8. My method is pretty simple: I normally start by saying "It like a high tech scavenger hunt using GPSs. People hide containers, often in unusual or interesting places, and post the coordinates online. Then you can download the coordinates and try and find the containers." This explanation works for 90% of the times I've had to explain it, even to muggles in the field.
  9. Or to visit relatives for that matter? This ninja might be planning a geocaching trip that happens to end near relatives. My resistance for visiting my in-laws dropped dramatically once I saw how many caches there were around their place As for caching on vacation, I just completed a 3 week road trip where we cached some days, did touristy things on other days. I cached 13 states and 2 provinces. Not to shabby
  10. Personally I don't think this will add little to my personal enjoyment of the game, and probably lead to more annoyances. If something like this happens I hope it will be voluntary, and completely invisible to those who don't want to participate. I cache for the enjoyment of exploration. I set some goals for myself, but normally they are more along the lines of covering geography (caching in as many states as possible, for example), and not for any seemingly arbitrary numbers. I would rather spend all day hunting a single cache in an interesting area instead of 100 caches in non-interesting areas. Most talk of numbers and find counts annoys me. What I would like to see is a better stats system based on geography. I would like to know the geographic areas I've cached in to a finer level. i.e. state and county level. There are third party sites that do this but they normally involve more work than I am willing to put into using them. Another thing may be defining quests or missions: "find 5 caches near farms", "cache in 10 new counties" etc. That may add a little spice to the game. Pure numbers don't do it for me. Having said all the above, if others find the idea worth while then by all means go for it. Just do it in a way that doesn't affect those of us that like the game the way it is. Cheers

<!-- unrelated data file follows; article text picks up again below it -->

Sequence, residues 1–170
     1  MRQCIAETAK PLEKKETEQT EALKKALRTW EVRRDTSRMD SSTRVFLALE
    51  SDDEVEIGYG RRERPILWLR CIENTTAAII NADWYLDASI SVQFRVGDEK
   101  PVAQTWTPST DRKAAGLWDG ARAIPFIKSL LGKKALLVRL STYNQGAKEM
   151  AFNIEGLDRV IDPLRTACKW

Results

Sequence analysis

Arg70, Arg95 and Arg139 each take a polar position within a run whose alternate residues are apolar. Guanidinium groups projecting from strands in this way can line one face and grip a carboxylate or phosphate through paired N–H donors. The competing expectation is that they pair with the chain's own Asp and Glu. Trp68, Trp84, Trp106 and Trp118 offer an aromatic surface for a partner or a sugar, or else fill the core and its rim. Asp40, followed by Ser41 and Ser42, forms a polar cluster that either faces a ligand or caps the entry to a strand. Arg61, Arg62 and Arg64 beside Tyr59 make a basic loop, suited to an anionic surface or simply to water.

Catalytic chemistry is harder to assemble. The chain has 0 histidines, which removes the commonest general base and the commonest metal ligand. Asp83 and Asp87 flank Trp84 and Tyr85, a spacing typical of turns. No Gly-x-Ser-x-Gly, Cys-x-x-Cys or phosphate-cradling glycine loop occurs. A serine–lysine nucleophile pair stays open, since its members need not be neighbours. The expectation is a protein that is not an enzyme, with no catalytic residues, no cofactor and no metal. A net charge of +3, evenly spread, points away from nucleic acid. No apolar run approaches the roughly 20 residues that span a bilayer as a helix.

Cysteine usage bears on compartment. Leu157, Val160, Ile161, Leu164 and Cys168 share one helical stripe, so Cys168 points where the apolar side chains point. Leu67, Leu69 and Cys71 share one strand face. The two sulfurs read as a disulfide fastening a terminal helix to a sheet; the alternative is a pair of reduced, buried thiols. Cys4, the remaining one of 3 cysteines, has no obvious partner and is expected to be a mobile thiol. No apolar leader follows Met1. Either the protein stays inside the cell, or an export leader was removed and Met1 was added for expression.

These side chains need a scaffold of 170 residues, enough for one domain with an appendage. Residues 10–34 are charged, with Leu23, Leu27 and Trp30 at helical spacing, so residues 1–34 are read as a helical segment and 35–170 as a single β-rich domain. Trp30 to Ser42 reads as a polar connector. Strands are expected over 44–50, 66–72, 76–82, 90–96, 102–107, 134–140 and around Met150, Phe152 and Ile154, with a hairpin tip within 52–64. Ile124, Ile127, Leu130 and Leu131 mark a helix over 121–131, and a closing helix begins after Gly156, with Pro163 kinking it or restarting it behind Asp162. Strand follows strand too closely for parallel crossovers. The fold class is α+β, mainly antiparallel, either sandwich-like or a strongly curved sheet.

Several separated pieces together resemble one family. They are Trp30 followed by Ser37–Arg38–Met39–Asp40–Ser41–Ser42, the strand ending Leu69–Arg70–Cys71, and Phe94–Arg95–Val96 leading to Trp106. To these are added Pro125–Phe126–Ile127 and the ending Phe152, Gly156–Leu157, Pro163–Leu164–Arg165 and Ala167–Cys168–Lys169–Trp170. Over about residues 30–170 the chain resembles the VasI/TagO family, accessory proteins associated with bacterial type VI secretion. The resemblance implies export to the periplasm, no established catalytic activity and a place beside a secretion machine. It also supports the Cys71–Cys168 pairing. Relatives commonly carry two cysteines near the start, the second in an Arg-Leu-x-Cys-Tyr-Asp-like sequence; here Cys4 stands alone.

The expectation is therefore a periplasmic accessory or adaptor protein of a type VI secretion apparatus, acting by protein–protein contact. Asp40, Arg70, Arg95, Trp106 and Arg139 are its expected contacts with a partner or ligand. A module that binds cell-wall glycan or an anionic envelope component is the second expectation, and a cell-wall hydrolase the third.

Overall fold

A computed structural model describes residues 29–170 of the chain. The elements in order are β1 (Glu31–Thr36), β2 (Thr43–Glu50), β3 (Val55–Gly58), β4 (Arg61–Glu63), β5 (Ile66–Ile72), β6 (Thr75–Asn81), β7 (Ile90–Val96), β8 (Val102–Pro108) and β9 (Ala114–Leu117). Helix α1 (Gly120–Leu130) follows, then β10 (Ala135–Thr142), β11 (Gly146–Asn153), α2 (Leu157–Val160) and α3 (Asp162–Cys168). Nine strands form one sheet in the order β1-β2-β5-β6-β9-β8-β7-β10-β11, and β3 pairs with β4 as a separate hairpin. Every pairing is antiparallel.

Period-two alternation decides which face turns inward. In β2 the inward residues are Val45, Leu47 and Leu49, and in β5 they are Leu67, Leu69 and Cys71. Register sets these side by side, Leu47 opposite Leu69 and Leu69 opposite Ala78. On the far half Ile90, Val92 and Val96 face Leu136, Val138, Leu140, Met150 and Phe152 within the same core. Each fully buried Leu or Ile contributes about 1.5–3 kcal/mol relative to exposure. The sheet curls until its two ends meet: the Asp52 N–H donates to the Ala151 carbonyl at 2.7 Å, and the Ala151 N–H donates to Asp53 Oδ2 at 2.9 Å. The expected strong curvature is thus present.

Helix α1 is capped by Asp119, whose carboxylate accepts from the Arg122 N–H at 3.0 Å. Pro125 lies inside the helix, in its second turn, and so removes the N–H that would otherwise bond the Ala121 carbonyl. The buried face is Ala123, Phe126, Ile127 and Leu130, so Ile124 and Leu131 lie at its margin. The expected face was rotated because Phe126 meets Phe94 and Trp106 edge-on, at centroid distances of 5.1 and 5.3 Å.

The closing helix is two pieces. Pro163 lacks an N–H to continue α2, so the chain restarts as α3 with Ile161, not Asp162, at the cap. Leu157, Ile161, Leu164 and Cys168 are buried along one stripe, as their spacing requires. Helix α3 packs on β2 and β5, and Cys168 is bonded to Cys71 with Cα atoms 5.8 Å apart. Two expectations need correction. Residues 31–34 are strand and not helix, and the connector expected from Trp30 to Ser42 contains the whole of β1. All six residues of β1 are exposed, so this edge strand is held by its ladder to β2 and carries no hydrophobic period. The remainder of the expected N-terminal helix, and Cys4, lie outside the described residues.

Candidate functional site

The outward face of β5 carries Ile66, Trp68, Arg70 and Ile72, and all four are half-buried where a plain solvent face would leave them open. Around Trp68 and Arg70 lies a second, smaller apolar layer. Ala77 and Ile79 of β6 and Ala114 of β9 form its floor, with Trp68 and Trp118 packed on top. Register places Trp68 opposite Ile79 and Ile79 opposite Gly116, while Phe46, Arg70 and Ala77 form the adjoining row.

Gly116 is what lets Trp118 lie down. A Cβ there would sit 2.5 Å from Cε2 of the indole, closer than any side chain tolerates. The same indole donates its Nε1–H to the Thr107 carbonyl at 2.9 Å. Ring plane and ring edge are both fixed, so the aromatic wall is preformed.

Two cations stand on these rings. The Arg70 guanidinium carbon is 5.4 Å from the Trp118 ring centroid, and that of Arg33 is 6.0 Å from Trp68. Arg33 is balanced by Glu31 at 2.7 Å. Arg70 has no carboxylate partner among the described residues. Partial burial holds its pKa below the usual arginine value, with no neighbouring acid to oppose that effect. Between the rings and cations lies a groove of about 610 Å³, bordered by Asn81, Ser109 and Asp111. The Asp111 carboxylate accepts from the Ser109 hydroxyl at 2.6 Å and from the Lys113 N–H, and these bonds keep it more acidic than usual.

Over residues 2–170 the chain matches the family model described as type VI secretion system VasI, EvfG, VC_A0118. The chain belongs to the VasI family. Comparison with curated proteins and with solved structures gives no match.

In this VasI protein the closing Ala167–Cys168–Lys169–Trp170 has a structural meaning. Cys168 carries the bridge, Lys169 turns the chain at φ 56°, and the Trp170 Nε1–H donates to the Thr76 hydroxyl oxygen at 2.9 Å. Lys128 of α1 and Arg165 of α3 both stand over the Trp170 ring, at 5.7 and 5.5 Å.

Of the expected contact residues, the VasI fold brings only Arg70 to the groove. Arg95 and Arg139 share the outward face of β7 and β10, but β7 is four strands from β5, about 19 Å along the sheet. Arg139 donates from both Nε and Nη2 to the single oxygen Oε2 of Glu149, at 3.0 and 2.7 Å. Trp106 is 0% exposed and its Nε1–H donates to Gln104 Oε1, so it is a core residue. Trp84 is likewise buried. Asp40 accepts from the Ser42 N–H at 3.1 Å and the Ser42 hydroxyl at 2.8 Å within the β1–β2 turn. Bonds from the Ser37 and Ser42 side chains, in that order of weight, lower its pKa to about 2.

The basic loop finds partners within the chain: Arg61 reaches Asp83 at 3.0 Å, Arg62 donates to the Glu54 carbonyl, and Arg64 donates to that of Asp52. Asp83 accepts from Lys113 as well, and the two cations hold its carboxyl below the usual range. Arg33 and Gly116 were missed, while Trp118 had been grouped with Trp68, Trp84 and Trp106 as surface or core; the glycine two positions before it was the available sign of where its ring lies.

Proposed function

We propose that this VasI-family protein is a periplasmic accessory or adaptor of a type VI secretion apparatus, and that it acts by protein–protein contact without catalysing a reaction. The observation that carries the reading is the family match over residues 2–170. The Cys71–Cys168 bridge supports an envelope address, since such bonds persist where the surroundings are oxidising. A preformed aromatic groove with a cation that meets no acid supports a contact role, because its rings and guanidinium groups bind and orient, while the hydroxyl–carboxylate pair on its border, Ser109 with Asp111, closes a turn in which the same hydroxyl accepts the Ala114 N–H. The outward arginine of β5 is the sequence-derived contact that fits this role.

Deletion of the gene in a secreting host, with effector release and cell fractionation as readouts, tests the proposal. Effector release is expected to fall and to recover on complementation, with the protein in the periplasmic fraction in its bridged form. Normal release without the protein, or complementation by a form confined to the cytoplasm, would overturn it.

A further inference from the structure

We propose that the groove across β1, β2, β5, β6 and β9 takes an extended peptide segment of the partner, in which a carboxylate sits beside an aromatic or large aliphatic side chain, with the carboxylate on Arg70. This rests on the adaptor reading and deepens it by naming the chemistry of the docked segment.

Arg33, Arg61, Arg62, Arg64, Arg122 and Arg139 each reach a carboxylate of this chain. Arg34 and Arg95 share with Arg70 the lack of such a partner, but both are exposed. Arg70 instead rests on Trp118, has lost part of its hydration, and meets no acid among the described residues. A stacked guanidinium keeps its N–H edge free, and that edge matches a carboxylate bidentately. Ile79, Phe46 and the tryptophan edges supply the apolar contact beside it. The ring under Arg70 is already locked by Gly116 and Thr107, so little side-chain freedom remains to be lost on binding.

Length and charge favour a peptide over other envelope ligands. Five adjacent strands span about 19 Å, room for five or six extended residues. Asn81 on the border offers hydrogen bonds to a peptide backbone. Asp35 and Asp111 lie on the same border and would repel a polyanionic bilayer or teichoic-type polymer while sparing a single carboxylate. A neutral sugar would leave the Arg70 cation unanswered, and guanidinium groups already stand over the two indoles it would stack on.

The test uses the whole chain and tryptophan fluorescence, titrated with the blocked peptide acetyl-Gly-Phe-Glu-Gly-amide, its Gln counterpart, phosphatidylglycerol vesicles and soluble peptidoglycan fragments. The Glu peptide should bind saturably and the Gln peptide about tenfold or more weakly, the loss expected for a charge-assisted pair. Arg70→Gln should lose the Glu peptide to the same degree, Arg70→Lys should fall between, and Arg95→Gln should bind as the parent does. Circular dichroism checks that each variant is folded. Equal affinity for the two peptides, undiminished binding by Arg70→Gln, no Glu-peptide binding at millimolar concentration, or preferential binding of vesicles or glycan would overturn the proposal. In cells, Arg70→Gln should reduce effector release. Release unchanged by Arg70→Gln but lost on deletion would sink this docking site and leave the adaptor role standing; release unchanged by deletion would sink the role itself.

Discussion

11. I introduced a family to Geocaching who now caches regularly. I've shown it to several other friends and family but they have not got bitten by the bug yet.
  12. On the chance that the OP is legit: Although the correct course of action would have been to contact Groundspeak directly, and despite the ridicule you've gotten by other members of this forum, some of us do appreciate your attempts to reach out to the community about this issue instead of doing something more rash and unfriendly like calling the police. So thanks for letting us know of the issue. Hopefully this will be a call for all cachers to seek permission from property owners before placing their caches (especially at the mall in question Cheers
  13. Heh, I did this once with my wedding ring. I was out on a multi month work trip and had a rental car. One day I noticed my wedding ring was gone. I searched the car, hotel, office, grocery store I last shopped at - everywhere. I couldn't find it. A month later I was returning the rental and decided to check out the car one last time for anything I forgot. reached under the drivers seat and immediately felt the ring. Phew
  14. The only series I have completed is The Dalles Dash, put out by the Chamber Of Commerce for The Dalles Oregon. They put out 12 caches in interesting areas of the town, each cache has its own passphrase written on the inside cover. If you bring all 12 passphrases into the Chamber Of Commerce you get a unique geocoin. That geocoin is now the prize in my geocaching collection